Hunter’s education courses prevent accidents and save lives. Since states have begun requiring hunter education, over the last 30 years hunting incidents have drastically decreased, while the number of hunters has increased. Today, hunting is one of the safest outdoor activities you can enjoy.
All states and provinces that have mandatory hunter education requirements will accept Idaho Hunter Education certifications. Likewise, Idaho will accept hunter education certifications that are issued by other states and provinces that meet official IHEA-USA requirements. (This is known as “reciprocity.”). Hunter’s Education is a requirement to purchase a hunting license in Idaho if you were born after January 1, 1975. Minimum age to take Hunter’s Education is 10.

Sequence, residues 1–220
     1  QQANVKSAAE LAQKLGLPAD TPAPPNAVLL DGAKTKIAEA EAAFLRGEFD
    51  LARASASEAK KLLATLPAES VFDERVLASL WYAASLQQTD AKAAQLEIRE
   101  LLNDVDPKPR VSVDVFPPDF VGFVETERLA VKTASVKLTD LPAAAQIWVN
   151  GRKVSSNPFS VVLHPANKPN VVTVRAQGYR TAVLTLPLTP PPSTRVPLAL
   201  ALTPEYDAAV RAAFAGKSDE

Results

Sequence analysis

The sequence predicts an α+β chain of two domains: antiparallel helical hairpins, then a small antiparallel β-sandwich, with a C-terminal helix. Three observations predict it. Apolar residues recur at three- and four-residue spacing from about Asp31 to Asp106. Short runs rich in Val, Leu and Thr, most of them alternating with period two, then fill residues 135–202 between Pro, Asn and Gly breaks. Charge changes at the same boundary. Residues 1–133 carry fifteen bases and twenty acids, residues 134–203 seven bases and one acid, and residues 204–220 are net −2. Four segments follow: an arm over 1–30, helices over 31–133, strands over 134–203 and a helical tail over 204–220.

Firearm target practice is a popular activity in Valley County. When selecting a location for target practice, keep these things in mind:
- You may target practice anywhere you have permission on private land or essentially on all public land (BLM, USFS, USBOR, or Idaho Department of Lands property) – HOWEVER – even though you have rights to use public land, you assume all liability if something goes wrong, such as someone is injured or you start a fire
- Be aware of shooting restrictions (such as open fire restrictions in the summer, etc.)
- Do not shoot near hospitals, schools, airports, etc.
- Shoot safely – ensure you are firing into a safe backstop